* In the second quarter, Le'Veon Bell showed me some signs of growing as a professional. Bell got stacked up, and while fighting to drive forward he also picked his feet up whenever the pile started to move in an awkward direction which could lead to getting an ankle, or knee trapped at a bad angle if you don't protect those hoofers. You learn these things intrinsically from game repetitions, which, when added to the practice reps in the days of yore when we banged three times a week, week in, week out, all year long, gave you a samurai sixth sense that helped to protect yourself from injury. Now I'm starting to sound like Mike Ditka.

* With the wind blowing fiercely, Matt McBriar was bit by the dreaded "Shankapotamus," and ripped off a 28-yard punt. Suddenly I was transported back to 1988, to a very windy and cold in then-named Rich Stadium in Orchard Park, New York, playing these same Buffalo Bills. Harry Newsome was our punter and into the teeth of gale-force winds whipping off Lake Erie, Harry's punt shot straight up in the air, held there several tantalizing seconds like a news chopper surveying traffic jam-ups below, and then landed three or four yards in front of the line of scrimmage. As a team on the sideline, we were yelling at the gunners and punt coverage people to turn around and sprint back to the line of scrimmage.

* On a second-quarter 15-straight, which had Bell running off tackle to his left, Beachum had a great double team with Ramon Foster. The reason it was significant to me was that Kelvin is a knee-bender, not a waist –bender like so many of these gi-normous offensive tackles of today who can't get low enough to bang a 3-technique's hip. So they end up chesting the DT and get no vertical movement on the guy. Beachum not only can get low, but he whacked the hip so hard it bumped the DT to the inside of Foster who sealed him off, and Bell followed Beach through the hole to the second level for a nice gain.

* Jonathan Dwyer MEETS "THE LEGEND OF KIKO." There's a Chuck Norris-type legend thing going on with Kiko in Buffalo. Rightly so, the kid's a player. "It's been said that Kiko Alonzo went tubing over Niagara Falls. He calls it the lazy river." Stuff like that's going around Buffalo these days. Well, Kiko may have enjoyed his ride over the falls, but I doubt very much that he enjoyed the splat job J-Dwyer just gave him on a short run.

* The Bills came out of the locker room with only 20-30 seconds left on the halftime scoreboard. While they were hurriedly trying to warm up, a very impatient Mike Tomlin was talking to an official pointing out that his guys were on time, ready to go. "What's the hold-up?" asked Mike.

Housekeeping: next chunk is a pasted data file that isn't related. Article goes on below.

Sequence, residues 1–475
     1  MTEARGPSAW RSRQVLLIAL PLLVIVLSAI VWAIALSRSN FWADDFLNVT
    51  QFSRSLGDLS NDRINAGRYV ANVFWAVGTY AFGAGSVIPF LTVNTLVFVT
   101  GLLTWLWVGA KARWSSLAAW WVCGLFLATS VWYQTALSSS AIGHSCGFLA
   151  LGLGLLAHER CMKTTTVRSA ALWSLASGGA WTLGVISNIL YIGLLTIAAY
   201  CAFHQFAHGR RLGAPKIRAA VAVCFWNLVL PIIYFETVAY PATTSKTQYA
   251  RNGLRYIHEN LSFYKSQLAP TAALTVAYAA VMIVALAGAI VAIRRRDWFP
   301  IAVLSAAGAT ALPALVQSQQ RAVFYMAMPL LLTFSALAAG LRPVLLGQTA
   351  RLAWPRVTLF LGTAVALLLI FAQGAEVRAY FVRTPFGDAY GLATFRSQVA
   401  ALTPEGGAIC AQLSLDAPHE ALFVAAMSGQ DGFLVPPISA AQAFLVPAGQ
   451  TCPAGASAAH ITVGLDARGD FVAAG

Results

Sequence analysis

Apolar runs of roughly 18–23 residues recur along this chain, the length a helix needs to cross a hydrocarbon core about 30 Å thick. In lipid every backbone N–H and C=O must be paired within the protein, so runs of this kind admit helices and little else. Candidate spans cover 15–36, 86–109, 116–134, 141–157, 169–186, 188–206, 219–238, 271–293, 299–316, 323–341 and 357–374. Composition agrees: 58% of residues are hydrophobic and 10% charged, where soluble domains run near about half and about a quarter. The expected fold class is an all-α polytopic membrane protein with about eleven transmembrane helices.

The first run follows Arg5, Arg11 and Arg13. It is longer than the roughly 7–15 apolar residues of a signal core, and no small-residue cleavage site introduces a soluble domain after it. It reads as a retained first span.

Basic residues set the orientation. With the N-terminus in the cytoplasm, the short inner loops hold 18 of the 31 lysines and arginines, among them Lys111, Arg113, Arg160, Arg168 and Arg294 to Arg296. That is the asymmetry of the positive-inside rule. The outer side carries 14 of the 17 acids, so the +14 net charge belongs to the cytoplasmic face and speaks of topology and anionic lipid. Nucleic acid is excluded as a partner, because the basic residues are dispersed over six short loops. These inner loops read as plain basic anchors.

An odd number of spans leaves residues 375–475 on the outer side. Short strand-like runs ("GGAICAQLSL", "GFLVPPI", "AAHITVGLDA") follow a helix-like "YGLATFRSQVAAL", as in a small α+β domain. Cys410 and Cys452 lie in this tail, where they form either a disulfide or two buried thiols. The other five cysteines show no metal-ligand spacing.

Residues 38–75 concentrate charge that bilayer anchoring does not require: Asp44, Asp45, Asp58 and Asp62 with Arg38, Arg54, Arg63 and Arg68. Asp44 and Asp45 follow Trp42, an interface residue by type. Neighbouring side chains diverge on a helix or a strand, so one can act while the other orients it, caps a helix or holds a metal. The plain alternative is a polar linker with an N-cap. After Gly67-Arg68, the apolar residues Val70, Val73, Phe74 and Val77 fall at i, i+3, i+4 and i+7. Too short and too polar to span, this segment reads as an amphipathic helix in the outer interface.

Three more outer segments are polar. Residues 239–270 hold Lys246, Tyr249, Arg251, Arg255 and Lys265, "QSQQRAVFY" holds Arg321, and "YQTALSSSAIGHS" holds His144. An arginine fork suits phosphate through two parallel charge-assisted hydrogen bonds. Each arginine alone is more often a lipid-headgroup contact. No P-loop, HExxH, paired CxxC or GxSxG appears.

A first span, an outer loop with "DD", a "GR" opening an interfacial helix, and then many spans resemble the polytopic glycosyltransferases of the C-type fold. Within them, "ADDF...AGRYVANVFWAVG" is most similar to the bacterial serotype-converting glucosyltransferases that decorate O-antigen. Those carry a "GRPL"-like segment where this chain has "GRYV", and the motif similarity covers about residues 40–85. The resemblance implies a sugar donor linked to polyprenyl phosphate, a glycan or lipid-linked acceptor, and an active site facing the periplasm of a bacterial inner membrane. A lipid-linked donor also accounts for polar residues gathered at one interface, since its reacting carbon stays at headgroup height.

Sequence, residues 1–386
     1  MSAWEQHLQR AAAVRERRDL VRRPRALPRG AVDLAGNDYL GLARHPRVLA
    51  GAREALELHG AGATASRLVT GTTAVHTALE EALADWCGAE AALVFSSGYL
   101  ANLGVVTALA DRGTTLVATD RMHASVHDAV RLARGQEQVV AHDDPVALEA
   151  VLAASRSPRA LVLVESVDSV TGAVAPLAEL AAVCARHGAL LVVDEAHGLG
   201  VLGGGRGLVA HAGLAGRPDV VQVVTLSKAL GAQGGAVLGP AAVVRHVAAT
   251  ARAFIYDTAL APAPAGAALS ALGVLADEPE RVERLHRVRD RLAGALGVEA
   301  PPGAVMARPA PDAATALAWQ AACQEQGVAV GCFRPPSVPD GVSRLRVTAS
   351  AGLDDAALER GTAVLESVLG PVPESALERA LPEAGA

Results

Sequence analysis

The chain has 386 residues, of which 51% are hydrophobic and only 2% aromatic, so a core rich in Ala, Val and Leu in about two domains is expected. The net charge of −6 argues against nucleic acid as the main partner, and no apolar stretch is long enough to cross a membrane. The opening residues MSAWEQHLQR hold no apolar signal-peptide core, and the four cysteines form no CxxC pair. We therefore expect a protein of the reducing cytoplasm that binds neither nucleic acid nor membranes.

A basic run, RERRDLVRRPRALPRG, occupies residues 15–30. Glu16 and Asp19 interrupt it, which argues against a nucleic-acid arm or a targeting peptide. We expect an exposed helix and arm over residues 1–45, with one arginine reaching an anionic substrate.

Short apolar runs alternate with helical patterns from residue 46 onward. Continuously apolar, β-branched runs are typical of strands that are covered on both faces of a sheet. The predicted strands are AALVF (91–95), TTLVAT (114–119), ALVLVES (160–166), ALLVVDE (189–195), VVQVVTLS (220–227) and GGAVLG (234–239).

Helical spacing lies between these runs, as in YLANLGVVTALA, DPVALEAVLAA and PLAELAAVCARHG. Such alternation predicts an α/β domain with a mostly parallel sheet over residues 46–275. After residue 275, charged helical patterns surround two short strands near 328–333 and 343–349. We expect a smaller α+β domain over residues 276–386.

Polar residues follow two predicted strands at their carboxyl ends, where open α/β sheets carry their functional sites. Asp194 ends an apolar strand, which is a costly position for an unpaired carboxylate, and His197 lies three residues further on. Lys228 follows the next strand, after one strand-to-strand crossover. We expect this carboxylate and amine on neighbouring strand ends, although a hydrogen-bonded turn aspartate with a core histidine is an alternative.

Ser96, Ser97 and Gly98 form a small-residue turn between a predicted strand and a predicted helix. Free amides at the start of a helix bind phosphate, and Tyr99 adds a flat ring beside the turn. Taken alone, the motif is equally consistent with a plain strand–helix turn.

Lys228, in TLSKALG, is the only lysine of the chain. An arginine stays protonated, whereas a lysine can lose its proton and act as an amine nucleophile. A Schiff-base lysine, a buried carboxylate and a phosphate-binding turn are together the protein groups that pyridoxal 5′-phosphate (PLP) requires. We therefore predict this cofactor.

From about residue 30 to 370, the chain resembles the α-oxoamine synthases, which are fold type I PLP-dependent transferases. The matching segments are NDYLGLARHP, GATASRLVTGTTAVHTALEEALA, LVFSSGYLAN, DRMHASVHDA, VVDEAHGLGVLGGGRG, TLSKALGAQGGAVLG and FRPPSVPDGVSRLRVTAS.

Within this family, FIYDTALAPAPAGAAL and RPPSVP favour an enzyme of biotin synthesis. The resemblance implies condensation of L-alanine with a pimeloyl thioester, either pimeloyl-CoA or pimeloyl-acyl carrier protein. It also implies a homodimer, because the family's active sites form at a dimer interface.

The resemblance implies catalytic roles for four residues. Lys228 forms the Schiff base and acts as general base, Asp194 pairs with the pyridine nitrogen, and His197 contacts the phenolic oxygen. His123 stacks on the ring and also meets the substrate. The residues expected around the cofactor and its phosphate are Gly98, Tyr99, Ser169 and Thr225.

* In the third quarter Jarvis Jones and Lee Smith, a very combative TE for the Bills, got into a pushing match that the rookie lost after he was flagged for a personal foul. That's a rookie error. Pushing matches post-whistle are like picking up the check for lunch or dinner with a buddy. You can go one push too many just as easily as you can go "No, let me get that," too many, and then you're stuck with the check, or the flag.

* Foster is a big man. Doc Maroon isn't. I don't know who was in more pain, Ramon or the Doc. Ramon had just injured his ankle, and all 6'5"and 340 pounds of Big Ragu was leaning on the diminutive 5'6" and soaking-wet 135-pound doc who Ramon was using like a human crutch.

* HE SHOWED HIM THE SKY PART1: Mike Adams' thunderous slam dunk/pancake of Bills linebacker Nigel Bradham was the highlight of Bell's third-quarter TD run. It was a prolific body slam, something of which Bruno Sammartino would be proud. Ol' Nigel got a good view of the cloud structure hovering over Heinz Field.

* HE SHOWED HIM THE SKY PART II: Fourth quarter, David DeCastro stayed on his block and stayed on his block after locking horns and ham-hocks with NT Marcell Dareus, a 330-pound mastodon. DeCastro finished him off with a final surge, goring Dareus and giving him a complete view of the Pittsburgh skyline.

* After Ryan Clark intercepted the ball and returned it, Dick LeBeau, 77 years young, jogged/bounced/bopped his way onto the field with both fists clenched and sporting a smile from ear to ear. Dick was hugging, chest-bumping and high-fiving all the way around. I'm here to tell you it was an awesome moment.

* As I walked my way up the tunnel post-game, I found myself walking next to fellow Syracuse man Shamarko Thomas, who was already in a walking boot at that point. I looked at him and said, "What's the matter with your foot? Doesn't it know that it should follow your body?" He gave me a grin that was contagious. I can see why everybody thinks highly of this young man. He's a gem.